The AC42 software can most certainly be updated in the field in the exact same way the Tritons can. I have updated ours without sending the thing back to Navico.

I don't have much experience with the Zeus. Perhaps Dockhead will chime in because he has multiple units of those.

The Tritons will have no problem having separate instance numbers - that is the way I have our three setup.

Mark
Interesting about the AC42. Mine has the June 2012 software noted when I display it's information on the Zeus. Thanks for that information. It will save me some work and time.

Perhaps when I indicate all of the instances as discussed, my issues will be resolved. Fingers crossed.

Speaking of Dockhead, it was his comments as to the value of an additional smaller Zeus MFD, particularly about the SailSteer feature, that led me to reconfigure my cockpit displays. Originally I was going to have three Tritons mounted over the companionway hatch ( mine is a tiller steered Crealock 37 ), but changed it to two Tritons and a 7" Zeus2.

Over the last few years, your's, and his, contributions to this forum have been quite helpful to me, not only with this boat, but with my previous Pacific Seacraft Dana ( more B&G stuff ), as well.

Thanks again, and to you, too, Dockhead.

Bill
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Old 13-06-2015, 10:44   #7
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Re: NMEA 2000 network instances question

I just updated the firmware on my Zeus2. It involves putting the update file on a MicroSD (must be formated FAT32) card and inserting it into the Zeus2, then powering it on. Here is the link
B&G Zeus˛ Software Update

After doing that, you can use the Zeus2 to update the Tritons. You just put the Triton update on the MicroSD, then use the file function on the Zeus2. Click on the file and it will give you the option to update the Tritons.
http://www.bandg.com/en-GB/Products/...ftware-Update/
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Old 13-06-2015, 21:04   #8
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Re: NMEA 2000 network instances question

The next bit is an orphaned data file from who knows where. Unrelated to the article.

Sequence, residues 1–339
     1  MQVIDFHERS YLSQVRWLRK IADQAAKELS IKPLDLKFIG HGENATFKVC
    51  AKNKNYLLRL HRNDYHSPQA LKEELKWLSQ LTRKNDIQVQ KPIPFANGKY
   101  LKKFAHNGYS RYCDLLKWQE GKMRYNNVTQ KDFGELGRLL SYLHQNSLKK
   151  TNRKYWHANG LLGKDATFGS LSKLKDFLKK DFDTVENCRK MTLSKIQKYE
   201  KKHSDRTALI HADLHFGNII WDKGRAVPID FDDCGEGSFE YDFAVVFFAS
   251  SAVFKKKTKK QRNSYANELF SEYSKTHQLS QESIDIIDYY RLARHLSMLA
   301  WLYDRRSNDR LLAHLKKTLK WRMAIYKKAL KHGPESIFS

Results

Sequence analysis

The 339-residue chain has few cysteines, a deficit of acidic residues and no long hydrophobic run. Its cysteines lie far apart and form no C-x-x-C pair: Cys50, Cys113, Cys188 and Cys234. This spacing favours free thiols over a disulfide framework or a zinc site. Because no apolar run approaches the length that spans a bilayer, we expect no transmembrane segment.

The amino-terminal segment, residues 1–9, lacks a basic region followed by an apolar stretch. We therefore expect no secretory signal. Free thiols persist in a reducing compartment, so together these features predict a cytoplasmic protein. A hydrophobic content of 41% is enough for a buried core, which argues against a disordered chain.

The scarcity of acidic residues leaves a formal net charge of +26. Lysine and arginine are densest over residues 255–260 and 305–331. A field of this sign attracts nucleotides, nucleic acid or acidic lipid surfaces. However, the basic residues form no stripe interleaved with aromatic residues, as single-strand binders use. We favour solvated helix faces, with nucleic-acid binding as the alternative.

Wow! I'm 71 and I wonder if I'll last long enough to understand what you the heck your talking about!!
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Old 13-06-2015, 23:54   #9
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Re: NMEA 2000 network instances question

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Wow! I'm 71 and I wonder if I'll last long enough to understand what you the heck your talking about!!
Hang in there Stan! It wasn't that long ago that I was clueless about all of this s#@t. It comes with time and exposure...
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Old 14-06-2015, 09:57   #10
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Re: NMEA 2000 network instances question

A quick primer for folks who might be new to this stuff:

1. Firmware is basically the software that the devices use to function. The reason it's called firmware rather than software is because it used to be stored on a microchip that was permanent once it was stored there and thus "firm" and it could not be updated without replacing the chip (normally not an option). Nowadays it's more like a computer with solid state drives, and it's many, many more times more complex than the old fashioned PROM (programmable read only memory) chip, but they still call it firmware.

Firmware needs to be updated just like computer software does. The code is so complex nowadays that the mfr can't possibly find all the bugs before shipping the product, so as they find bugs, mfrs issue updates to the firmware. They can also add new features to the hardware via firmware updates. Woot!

2. Updates to firmware can be accomplished a number of ways. Some might require a computer attached with a data cable. More recently, mfrs are making it easier by using a memory card slot in the MFD (Multi-Function Display). These memory cards are identical to the cards used in cameras and can contain charts or software updates. An SD memory card is the one that is about the same size as a thumbnail. A Micro-SD memory card is about the size of a pinky finger nail.